Karate/Kung Fu Illustrated 10/97

RICKSON GRACIE
POLISHING THE DIAMOND

by Steve Neklia

For those of you who have been living in a cave and don’t know who Rickson Gracie is, here’s a little background on the man. He’s a son of Helio Gracie and the brother of Royce, Rorion, Relson, Rolker and Royler. He’s a seventh-degree black belt, and his technique is considered to be the finest expression of Brazilian – jujutsu in the world. Most people consider him the best fighter of the Gracie clan. His innate talent and early mastery of the sport have resulted in an undefeated record after more than 450 fights, including jujutsu tournaments, freestyle wrestling matches, sambo competitions, no-holds-barred events and street fights. (This is merely an overview of his career. If I listed all his wins, we would have to rename the magazine Rickson Gracie Illustrated.)

When I got a call from Kim Gracie, Rickson’s wife, telling me when to show up at their house for the interview, I was on cloud nine. I knew it wasn’t supposed to be a typical session in which I rolled with him and reported on his technique because I knew he wouldn’t have time to spar with an awestruck columnist. But I was still excited.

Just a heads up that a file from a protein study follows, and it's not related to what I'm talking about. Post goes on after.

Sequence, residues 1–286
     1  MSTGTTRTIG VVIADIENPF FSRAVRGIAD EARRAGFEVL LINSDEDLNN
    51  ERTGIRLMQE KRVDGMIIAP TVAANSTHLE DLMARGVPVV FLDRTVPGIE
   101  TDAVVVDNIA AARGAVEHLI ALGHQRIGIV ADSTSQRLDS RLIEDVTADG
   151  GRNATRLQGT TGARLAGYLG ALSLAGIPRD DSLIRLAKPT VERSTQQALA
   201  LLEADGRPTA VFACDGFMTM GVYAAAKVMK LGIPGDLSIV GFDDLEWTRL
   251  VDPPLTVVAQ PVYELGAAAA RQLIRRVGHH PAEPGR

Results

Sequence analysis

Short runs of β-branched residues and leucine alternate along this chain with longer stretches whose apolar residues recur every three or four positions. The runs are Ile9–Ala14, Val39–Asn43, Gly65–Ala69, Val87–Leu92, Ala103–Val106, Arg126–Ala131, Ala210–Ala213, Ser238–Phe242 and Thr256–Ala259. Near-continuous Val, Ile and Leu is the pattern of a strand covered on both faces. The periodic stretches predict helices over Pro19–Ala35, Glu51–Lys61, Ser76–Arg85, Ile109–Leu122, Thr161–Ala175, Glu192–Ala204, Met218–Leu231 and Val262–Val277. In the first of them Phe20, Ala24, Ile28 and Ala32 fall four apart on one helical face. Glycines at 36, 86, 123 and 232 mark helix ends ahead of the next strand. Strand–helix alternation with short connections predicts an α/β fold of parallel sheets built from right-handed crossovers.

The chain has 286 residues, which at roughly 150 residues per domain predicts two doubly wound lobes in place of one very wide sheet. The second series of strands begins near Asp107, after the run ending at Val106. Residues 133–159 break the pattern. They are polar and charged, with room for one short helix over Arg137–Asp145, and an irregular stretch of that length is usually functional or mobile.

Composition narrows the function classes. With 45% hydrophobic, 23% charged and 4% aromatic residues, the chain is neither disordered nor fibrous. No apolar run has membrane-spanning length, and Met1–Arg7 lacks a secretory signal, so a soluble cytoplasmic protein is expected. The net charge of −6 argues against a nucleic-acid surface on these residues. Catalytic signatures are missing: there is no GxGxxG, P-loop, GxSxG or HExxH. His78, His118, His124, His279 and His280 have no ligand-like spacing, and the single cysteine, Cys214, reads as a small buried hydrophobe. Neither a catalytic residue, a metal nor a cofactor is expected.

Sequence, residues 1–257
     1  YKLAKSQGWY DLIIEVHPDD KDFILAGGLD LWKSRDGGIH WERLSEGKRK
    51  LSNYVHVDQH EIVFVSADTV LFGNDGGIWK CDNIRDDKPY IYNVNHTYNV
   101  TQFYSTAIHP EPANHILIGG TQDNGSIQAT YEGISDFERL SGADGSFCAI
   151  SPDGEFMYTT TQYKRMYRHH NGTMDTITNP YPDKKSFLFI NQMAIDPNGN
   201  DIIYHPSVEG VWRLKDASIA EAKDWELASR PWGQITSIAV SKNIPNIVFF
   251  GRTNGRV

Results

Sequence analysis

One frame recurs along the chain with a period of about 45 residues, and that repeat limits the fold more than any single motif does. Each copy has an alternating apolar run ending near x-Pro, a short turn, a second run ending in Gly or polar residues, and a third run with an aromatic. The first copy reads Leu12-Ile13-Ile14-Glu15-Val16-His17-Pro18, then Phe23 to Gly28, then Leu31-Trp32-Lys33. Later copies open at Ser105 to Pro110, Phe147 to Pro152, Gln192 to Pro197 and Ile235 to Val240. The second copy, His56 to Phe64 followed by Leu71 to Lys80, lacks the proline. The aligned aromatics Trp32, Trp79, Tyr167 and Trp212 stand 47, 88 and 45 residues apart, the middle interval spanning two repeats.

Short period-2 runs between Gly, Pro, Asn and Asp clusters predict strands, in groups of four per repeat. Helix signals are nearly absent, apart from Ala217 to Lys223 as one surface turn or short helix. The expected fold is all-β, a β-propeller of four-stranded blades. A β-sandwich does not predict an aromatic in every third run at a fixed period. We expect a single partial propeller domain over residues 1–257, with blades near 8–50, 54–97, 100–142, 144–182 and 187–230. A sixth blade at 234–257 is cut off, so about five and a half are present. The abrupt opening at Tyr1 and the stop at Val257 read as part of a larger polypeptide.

I asked my friend Gerry Costa if he would go with me, as he is a mutual friend and knew how to get to Rickson’s house. When Gerry came to pick me up, he asked where my gi (uniform) was. It was not going to be that kind of interview, I said.

"Always bring your gi," he replied. "You never know."

We left early so Gerry could spend some time with an old friend from Brazil who was staying at Rickson’s. Consequently, we arrived a full three hours before Kim had told me to be there for the interview.